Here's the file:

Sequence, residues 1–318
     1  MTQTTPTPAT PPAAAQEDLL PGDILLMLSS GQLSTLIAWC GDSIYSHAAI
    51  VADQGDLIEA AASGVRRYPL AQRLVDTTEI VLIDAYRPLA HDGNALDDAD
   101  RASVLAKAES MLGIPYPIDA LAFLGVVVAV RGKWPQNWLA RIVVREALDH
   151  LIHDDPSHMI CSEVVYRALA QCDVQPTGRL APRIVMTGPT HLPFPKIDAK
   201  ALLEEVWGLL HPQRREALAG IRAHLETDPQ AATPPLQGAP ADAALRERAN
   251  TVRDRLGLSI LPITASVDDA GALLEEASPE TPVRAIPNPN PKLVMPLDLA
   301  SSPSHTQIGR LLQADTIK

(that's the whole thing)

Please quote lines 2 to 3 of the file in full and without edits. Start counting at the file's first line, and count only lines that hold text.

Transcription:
     1  MTQTTPTPAT PPAAAQEDLL PGDILLMLSS GQLSTLIAWC GDSIYSHAAI
    51  VADQGDLIEA AASGVRRYPL AQRLVDTTEI VLIDAYRPLA HDGNALDDAD